Bootham Crescent (map it)
York, England YO30 7AQ
Year Opened: 1932
There are no tickets available at this time.
Official Review by Rob Campion, Stadium Journey Guest Correspondent
Bootham Crescent is the home of fourth tier York City and is surrounded by housing to the north of the city centre. The club was reformed in 1922 after the original club folded during the First World War, and joined the Football League (FL) six years later. The first six years were spent in the (now defunct) Midland League, while the majority of their time in the FL has been spent in the lower two divisions. Until the summer of 2012 the club spent seven years in the fifth tier of the English football pyramid, before promotion via play-offs secured the return of league football to the city of York.
The stadium itself is varied with both seating and standing accommodation for supporters. Home fans have access to three sides of the ground, two of which are seated and a covered terrace behind one of the goals. Away supporters are housed mainly in an uncovered terraced behind the other goal, though some seats are available in the Popular Side.
The FANFARE scale is our metric device for rating each stadium experience. It covers the following:
Each area is rated from 0 to 5 stars with 5 being the best. The overall composite score is the "FANFARE Score".
The fare on offer is basic and with a limited choice for away supporters. I paid Ł3.30 for a hot dog and it was one of those pre-cooked variety that comes in a tin and you heat up. It had no taste and was a complete rip-off. My advice would be to eat at one of the many eating establishments in the city centre. If you fancy an alcoholic drink then there are a couple of bars outside the ground, one of which is for visiting supporters only.
Like a lot of clubs at this level of football the atmosphere is nothing special, though both sets of fans tried to lift their respective team during my most recent visit. It wasn't helped due to the game I witnessed being as dull as dishwater.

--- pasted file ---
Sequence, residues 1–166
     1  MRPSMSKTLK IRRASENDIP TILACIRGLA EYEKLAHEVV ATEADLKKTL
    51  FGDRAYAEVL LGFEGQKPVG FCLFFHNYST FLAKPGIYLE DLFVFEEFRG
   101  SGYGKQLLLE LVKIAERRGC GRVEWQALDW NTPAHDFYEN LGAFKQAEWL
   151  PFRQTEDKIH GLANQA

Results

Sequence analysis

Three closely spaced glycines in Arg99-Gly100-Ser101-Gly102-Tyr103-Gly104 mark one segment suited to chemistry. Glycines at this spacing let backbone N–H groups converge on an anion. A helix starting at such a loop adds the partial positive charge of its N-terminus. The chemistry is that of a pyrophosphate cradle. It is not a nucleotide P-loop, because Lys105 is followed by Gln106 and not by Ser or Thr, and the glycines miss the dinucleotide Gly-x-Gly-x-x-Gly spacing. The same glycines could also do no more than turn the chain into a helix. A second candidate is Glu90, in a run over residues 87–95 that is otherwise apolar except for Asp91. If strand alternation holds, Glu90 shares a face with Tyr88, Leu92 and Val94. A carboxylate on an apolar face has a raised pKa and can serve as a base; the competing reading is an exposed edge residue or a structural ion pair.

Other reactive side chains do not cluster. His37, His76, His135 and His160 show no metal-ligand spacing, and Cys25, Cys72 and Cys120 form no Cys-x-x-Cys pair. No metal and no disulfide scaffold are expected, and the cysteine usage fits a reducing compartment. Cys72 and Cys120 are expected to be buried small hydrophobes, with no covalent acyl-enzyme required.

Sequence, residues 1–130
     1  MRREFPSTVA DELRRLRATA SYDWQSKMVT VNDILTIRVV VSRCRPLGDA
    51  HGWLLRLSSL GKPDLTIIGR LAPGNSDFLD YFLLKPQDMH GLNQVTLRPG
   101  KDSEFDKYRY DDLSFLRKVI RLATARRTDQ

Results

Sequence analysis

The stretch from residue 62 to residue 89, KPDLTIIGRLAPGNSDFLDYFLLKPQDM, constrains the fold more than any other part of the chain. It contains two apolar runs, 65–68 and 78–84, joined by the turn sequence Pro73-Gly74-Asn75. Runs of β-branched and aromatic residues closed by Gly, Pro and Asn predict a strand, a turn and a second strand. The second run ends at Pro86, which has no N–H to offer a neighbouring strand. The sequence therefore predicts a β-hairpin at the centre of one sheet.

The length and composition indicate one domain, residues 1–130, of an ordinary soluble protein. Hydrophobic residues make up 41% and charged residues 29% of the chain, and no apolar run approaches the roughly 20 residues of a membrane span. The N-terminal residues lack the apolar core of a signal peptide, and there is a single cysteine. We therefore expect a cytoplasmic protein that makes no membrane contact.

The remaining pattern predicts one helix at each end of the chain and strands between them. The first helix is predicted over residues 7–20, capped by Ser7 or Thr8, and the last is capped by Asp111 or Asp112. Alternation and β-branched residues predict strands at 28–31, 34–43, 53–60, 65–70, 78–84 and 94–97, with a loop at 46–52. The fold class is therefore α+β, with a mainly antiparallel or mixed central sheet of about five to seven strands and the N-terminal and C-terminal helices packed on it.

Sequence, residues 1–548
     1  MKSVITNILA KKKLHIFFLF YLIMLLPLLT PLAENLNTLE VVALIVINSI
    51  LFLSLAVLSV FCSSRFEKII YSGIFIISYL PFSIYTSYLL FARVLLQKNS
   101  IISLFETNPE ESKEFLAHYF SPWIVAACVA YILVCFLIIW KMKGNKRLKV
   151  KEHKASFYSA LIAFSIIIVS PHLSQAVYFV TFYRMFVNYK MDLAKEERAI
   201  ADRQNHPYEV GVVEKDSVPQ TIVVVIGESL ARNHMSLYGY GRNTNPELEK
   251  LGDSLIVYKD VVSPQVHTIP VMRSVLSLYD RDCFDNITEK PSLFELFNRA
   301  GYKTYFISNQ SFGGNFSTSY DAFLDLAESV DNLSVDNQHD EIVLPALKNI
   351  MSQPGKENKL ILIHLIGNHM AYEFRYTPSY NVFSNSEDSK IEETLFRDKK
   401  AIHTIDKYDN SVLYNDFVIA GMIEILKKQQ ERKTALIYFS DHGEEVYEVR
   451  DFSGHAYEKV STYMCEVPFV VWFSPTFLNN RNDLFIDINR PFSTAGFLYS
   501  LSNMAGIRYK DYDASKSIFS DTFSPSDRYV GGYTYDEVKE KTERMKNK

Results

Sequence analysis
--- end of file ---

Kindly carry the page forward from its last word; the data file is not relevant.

York is a walled city and has a population of 202,400 inhabitants. It is one of England's most historic cities and has plenty of attractions that show off its heritage. It was founded by the Romans in 71AD under the name of Eboracum, and became the capital of the Roman province of Britannia Inferior, and of the Kingdoms of Northumbria and Jorvik. In the Middle Ages York became a major wool trading centre.
The city has excellent transport links whether it is via road or rail. The A64 links York to both the A1(M) and M1 motorways which are around 10 miles (16 km) away, while it has been a major railway centre since the first line arrived in 1839. The nearest airport, Leeds / Bradford is 31 miles away.
York has plenty of tourist attractions for the visitor and these include the York Minster, the Castle Museum, the City Walls, the Jorvik Viking Centre and the National Railway Museum.
The average attendance for the club at time of writing this season (2012) so far is 4,156, some 1,000 up on the previous season. I was at the game as a neutral but with a friend who supported the visitors that afternoon, Cheltenham Town and we had no problems whatsoever. Then again this has always been the case when I have been at away matches with Cheltenham.
As previously stated York is easy enough to get to, but the ground is sandwiched between houses and residents' parking scheme operates. The best bet, if coming by car is to park in the city centre and walk to the ground with it being only a fifteen to twenty minute walk away. For anyone arriving by train like myself, the ground is a similar distance from the station.
From a personal point of view, sport and football in particular is overpriced in this country, though the prices York charge are about the average. Ticket prices will set you back between Ł19 and Ł16 for an adult.
There is a small club shop which sells the usual club merchandise - replica shirts, scarves, hats, etc. Match day programmes cost Ł3, and pretty good it was too.
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